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Aesthetic Plastic Surgery

, Volume 34, Issue 5, pp 603–611 | Cite as

Mechanotransduction: The Missing Link in the Facial Aging Puzzle?

  • Safa E. Sharabi
  • Daniel A. Hatef
  • John C. Koshy
  • Larry H. HollierJr.Email author
  • Michael J. Yaremchuk
Original Article

Abstract

Background

Craniofacial bony remodeling has been recognized as an important contributor to the facial aging process. Multiple studies have demonstrated significant craniofacial skeletal changes with age. However, no review has assembled this information in a concise, cogent fashion. Furthermore, the etiology of these skeletal changes has not been elucidated. This information is important for understanding the mechanisms of facial aging and for further development of facial rejuvenation.

Methods

A literature review of all articles discussing remodeling of the craniofacial skeleton with age was performed. Studies that used objective measurements of craniofacial skeletal parameters for different age groups were collected and analyzed.

Results

The studies demonstrated consistent morphologic changes in the craniofacial skeleton with age. These changes included trends toward increased facial bony width in women; contour changes of the orbit, anterior maxilla, and mandibular body; and decreased dimensions of the glabellar, pyriform, and maxillary angles.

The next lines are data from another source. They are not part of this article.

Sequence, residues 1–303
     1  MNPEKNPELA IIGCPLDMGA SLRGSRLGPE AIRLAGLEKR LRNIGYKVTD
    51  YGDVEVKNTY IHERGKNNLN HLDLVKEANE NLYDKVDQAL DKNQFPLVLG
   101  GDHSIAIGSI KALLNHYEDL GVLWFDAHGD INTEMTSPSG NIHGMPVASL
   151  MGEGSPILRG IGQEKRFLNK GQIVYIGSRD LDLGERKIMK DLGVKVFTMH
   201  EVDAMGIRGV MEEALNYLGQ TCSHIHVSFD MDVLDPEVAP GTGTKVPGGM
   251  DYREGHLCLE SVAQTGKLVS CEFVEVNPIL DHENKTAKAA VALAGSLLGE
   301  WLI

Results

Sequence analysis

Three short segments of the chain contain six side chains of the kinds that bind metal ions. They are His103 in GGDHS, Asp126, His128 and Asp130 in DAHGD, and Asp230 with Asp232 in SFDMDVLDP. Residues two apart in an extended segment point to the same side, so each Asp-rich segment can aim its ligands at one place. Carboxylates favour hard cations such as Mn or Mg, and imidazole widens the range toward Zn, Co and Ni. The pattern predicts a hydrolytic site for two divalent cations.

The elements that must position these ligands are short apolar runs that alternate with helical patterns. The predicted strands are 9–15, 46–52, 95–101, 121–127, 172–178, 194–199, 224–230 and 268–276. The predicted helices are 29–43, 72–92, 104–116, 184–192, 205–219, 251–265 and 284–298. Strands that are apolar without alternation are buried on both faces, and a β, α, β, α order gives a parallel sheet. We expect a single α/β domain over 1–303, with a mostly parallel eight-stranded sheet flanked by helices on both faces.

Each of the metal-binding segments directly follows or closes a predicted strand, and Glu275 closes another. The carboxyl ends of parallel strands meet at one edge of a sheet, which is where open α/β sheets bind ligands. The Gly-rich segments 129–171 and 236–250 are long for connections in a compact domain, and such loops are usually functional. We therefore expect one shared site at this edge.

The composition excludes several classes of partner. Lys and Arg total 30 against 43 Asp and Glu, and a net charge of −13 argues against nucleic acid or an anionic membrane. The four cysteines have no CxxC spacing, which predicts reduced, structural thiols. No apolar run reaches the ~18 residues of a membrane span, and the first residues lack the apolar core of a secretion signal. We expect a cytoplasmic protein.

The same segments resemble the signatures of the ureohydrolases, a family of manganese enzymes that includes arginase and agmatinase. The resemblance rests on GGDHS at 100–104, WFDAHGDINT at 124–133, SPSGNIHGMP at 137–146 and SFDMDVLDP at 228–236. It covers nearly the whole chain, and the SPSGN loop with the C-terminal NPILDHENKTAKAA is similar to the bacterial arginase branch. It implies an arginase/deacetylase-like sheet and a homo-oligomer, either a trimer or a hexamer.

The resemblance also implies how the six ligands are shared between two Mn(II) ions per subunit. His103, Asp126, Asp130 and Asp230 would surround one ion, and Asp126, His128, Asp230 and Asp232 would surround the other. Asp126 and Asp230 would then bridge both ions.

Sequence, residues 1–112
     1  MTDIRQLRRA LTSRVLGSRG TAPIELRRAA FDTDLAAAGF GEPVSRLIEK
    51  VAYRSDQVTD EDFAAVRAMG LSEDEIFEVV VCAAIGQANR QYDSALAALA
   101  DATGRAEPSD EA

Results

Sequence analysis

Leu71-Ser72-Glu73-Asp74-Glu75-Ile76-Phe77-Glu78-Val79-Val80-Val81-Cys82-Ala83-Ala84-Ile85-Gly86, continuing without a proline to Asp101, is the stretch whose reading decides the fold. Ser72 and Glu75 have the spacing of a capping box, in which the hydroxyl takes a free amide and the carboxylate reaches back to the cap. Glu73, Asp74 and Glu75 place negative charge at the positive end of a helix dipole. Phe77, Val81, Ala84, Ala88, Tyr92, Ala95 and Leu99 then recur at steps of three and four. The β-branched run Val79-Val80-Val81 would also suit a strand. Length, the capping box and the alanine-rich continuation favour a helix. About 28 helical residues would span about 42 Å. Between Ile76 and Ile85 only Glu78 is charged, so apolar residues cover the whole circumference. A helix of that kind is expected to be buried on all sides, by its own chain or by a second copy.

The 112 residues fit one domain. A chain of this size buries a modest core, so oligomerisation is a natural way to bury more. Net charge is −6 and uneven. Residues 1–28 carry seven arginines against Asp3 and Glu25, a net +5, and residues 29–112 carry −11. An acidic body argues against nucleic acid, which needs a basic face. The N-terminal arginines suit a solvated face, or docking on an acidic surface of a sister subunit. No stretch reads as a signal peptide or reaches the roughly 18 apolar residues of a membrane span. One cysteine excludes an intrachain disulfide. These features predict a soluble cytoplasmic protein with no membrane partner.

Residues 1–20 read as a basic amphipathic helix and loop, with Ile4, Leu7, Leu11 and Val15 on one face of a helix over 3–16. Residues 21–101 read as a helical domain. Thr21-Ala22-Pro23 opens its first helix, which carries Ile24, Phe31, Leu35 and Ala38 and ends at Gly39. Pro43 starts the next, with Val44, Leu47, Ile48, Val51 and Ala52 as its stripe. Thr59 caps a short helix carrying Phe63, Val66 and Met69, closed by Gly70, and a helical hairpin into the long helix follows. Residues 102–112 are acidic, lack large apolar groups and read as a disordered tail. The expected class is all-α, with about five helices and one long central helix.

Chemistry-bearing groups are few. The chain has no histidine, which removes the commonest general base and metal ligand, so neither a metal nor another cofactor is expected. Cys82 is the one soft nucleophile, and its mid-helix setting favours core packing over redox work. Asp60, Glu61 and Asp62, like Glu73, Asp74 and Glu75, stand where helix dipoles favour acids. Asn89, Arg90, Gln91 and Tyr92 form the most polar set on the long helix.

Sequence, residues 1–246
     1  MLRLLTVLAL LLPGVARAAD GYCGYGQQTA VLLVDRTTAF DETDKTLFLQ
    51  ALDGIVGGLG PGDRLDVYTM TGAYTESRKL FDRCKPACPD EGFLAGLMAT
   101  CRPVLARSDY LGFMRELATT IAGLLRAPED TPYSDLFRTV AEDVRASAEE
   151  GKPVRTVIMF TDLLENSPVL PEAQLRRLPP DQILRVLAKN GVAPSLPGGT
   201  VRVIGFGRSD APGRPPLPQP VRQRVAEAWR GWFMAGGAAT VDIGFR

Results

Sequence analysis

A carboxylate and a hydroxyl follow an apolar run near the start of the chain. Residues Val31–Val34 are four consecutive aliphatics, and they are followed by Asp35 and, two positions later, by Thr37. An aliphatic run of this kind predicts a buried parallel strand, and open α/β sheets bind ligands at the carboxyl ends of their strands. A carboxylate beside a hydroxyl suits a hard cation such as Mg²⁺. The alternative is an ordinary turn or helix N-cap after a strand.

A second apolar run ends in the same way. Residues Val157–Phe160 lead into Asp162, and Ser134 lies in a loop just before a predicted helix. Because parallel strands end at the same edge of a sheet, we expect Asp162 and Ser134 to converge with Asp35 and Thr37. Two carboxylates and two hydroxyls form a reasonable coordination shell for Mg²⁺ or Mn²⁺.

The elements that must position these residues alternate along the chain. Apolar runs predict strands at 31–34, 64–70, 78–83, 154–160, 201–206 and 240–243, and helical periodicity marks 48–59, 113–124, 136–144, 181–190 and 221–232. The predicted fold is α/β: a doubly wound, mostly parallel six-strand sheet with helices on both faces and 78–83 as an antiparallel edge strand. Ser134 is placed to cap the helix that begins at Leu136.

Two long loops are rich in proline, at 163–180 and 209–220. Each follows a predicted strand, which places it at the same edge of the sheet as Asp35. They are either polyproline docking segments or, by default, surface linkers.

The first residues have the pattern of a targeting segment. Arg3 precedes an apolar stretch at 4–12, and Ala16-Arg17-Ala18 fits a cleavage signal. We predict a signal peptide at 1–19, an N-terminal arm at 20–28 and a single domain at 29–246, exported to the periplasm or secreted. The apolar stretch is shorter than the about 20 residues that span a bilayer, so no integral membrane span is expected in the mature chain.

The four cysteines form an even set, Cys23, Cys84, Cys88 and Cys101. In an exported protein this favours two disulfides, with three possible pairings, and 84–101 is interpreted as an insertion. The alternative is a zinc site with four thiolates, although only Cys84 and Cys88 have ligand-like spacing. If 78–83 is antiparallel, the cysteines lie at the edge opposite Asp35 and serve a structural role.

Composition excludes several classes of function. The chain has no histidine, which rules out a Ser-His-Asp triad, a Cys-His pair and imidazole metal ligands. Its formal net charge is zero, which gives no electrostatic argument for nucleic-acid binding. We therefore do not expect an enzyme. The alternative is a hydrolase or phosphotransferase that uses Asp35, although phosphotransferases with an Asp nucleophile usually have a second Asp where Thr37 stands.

Conclusions

The craniofacial skeleton remodels with aging. Many of the observed changes in soft tissue contour and position reflect these skeletal changes. Changes in facial muscle function through the process of mechanotransduction may be responsible for these skeletal changes.

Keywords

Craniofacial bony remodeling Craniofacial skeleton Facial aging Facial rejuvenation Mechanotransduction 

Supplementary material

A video demonstrating the changes in the bony orbit with age. Specifically, the orbit grows wider superior-medially and inferior-laterally (WMV 118 kb)

A video demonstrating the changes in the profile of the facial skeleton with age. Specifically, the glabellar and maxillary angles become more acute (WMV 150 kb)

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Copyright information

© Springer Science+Business Media, LLC and International Society of Aesthetic Plastic Surgery 2010

Authors and Affiliations

  • Safa E. Sharabi
    • 1
  • Daniel A. Hatef
    • 1
  • John C. Koshy
    • 1
  • Larry H. HollierJr.
    • 1
    Email author
  • Michael J. Yaremchuk
    • 2
  1. 1.Division of Plastic SurgeryBaylor College of MedicineHoustonUSA
  2. 2.Division of Plastic SurgeryMassachusetts General HospitalBostonUSA

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